Sunday, July 06, 2014

Tender Is the Night (1934)

Tender Is the Night seems to come up a lot as the novel to read next by F. Scott Fitzgerald if you like The Great Gatsby. People genuinely seem to go for it. The 1998 Modern Library list of greatest 20th-century novels, for example—which has Gatsby at #2 (behind the inevitable Ulysses)—puts Tender Is the Night at no less than #28. It's ahead of, among others, All the King's Men, The Call of the Wild, Death Comes for the Archbishop, The Maltese Falcon, Pale Fire, The Postman Always Rings Twice, Sister Carrie, and many others that seem plainly much better to me. I will echo the sentiment that if you like Gatsby you might as well try Tender, but in my experience it's a sad pile of fragments by comparison. This may be partly a reflection of how much I like The Great Gatsby—a favorite of mine for its brilliant structuring, its perfect vantage from which to observe the '20s high life on Long Island, the way it subtly expands to encompass something as universal and persistent as the American Dream itself, and of course for the beauty of the language. The language in Tender Is the Night is about as beautiful as ever, I can confirm that. That was Fitzgerald's enduring gift, and it's there at least in flashes in practically everything he did. I can also throw in the personal caveat that the whole Zelda / Paris-in-the-'20s thing (see the Woody Allen movie Midnight in Paris for a primer on the basic cliches) has never much impressed me. I recall a time when it seemed like everyone I knew was reading Nancy Milford's Zelda biography and mooning over the romance. Maybe I missed an opportunity. Maybe reading it would help me understand Tender Is the Night better. But I do think fiction has to stand on its own, without the necessity of "understanding" factual underpinnings. And honestly, the ignorance on display in Tender Is the Night about mental illness should be enough to put anyone off nowadays. It's certainly something anyone reading it should bear in mind. Fitzgerald's fictionalized retelling of his and Zelda's trials and tribulations, while affecting in moments, feels constantly labored and overworked to me. A miasma of all too understandable depression hangs over it—understandable, but not a winning formula. It's often unpleasant too; there is something between the principals but it doesn't feel like love. It's not much surprise to learn the novel can also be taken as one more artifact from perhaps the most painful case of writer's block in literary history. Approach with caution.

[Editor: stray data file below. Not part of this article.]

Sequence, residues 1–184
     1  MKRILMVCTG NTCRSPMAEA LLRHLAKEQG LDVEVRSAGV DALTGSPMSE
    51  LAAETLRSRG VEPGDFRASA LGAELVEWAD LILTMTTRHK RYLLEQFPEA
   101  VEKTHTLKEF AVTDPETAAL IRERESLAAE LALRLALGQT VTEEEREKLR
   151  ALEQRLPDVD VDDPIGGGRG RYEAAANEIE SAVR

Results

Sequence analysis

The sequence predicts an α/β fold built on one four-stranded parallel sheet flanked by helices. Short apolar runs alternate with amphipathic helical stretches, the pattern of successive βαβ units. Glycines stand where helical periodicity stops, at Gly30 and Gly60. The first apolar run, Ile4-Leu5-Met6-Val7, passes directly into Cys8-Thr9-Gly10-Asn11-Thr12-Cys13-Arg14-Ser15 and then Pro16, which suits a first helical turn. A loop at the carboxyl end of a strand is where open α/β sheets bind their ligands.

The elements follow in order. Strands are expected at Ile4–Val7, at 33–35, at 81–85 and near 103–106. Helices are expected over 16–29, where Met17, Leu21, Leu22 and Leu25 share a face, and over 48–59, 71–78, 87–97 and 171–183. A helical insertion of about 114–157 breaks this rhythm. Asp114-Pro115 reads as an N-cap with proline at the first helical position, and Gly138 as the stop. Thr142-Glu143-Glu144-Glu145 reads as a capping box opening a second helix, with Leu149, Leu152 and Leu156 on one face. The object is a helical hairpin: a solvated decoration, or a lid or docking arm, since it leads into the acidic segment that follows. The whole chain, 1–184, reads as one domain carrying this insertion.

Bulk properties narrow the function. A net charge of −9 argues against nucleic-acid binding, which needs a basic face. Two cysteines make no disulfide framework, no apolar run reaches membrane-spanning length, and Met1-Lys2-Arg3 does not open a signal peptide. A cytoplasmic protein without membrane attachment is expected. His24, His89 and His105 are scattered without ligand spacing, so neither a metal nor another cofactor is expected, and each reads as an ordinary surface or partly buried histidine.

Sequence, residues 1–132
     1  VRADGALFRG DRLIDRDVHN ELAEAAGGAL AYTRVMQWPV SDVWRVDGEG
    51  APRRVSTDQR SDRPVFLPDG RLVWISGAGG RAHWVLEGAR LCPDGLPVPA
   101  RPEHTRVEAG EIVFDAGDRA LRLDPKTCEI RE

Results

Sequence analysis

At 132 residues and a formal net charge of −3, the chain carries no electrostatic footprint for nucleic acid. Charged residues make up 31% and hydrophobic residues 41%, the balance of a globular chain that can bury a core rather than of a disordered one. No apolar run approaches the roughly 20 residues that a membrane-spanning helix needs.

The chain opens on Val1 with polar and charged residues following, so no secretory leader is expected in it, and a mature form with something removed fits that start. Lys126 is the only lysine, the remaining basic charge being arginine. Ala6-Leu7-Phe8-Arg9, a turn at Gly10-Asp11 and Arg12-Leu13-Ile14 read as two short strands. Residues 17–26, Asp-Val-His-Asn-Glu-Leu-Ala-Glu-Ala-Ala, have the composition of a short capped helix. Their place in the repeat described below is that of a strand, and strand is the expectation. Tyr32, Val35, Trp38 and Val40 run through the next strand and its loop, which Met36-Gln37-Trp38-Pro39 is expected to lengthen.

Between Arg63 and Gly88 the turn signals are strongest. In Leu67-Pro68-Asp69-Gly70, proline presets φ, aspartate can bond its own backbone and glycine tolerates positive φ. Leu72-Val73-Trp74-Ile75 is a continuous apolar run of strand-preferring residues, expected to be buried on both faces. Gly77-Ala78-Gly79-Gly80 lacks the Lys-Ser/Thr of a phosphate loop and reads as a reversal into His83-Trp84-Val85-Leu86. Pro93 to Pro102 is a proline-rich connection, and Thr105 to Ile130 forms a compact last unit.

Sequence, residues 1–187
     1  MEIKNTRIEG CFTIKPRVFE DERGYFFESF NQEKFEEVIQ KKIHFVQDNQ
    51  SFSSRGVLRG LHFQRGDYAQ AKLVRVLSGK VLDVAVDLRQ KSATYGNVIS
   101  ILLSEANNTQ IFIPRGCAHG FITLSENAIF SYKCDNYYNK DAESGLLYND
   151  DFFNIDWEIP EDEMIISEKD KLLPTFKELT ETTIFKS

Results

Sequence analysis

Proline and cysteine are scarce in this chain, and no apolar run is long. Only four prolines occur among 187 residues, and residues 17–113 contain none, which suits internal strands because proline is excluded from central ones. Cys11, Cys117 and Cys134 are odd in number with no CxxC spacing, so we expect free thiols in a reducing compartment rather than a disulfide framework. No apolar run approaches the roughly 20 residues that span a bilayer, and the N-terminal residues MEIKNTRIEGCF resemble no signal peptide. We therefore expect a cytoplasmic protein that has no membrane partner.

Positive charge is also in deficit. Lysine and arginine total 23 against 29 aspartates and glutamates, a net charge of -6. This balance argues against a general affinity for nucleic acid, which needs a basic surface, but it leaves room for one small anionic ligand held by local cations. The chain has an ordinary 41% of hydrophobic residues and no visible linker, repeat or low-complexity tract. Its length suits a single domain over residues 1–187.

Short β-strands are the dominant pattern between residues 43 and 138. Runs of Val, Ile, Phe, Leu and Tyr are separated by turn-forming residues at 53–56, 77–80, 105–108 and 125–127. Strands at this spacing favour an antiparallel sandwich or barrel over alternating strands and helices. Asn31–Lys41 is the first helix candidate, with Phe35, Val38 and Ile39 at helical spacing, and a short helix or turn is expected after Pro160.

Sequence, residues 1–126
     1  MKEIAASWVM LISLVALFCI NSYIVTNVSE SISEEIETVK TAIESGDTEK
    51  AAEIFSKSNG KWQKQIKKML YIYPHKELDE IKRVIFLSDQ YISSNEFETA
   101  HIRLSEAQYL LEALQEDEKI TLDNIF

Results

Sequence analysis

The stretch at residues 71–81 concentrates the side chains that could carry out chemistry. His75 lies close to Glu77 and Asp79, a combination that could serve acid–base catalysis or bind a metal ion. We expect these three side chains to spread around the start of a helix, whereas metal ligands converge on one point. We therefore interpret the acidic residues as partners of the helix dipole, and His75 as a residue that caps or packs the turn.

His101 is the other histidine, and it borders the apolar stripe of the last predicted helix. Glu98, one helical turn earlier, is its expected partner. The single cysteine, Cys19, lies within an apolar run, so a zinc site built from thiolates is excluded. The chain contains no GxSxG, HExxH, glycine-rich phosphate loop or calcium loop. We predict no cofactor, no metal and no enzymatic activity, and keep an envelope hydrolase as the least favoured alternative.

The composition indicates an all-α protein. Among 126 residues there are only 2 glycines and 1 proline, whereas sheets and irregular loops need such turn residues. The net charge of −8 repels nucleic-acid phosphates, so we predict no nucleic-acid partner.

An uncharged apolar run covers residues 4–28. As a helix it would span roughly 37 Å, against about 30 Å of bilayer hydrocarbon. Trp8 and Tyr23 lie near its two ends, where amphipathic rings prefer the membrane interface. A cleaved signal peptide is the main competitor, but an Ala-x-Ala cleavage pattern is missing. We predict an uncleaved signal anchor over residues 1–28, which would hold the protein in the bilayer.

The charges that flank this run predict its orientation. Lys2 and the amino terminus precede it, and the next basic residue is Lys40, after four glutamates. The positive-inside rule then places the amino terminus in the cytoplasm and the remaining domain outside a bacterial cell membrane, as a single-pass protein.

In case it's not at the library.


  1. Hey, Jeff, Richard Riegel again, we seem to be on the same page currently, as for the past few weeks, I've been reading "The Short Stories of F. Scott Fitzgerald," a 1989 collection edited by Fitzgerald scholar Matthew Bruccoli, and enjoying it immensely. Interestingly, in his intros to the individual stories, Bruccoli describes certain ones as coming from "the Gatsby cluster" or "the Tender Is the Night cluster," as Fitzgerald was trying out ideas and situations he then used in those respective novels, and I think some of the Tender cluster stories especially, work better than the novel itself, at least per my long-ago reading of it. So far, Gatsby is the only Fitzgerald novel I've read more than once, but I've gone back to the short stories repeatedly. His writing is just SO good, even if you don't quite share his sexual fetish for class consciousness.

    When you mention Fitzgerald's "all too understandable depression" in dealing with his marital and other personal troubles while writing "Tender Is the Night", you can add the big-D Depression to that, as he was absolutely flummoxed by the stock market crash and what that did to his vision of America. All along, he'd portrayed the basic sold-American fantasy that if you got the right amount of money, you got the right girl, and even though his own Gatsby denied the truth of that outlook, it never quite departed from Fitzgerald's own intense romanticism. But when the Depression put so many American writers into a We're-all-proletarians-now! mood, Fitzgerald had no idea how to deal with that revolutionary world, and clung to his tattered romanticism throughout the Thirties; it definitely informed "Tender Is the Night".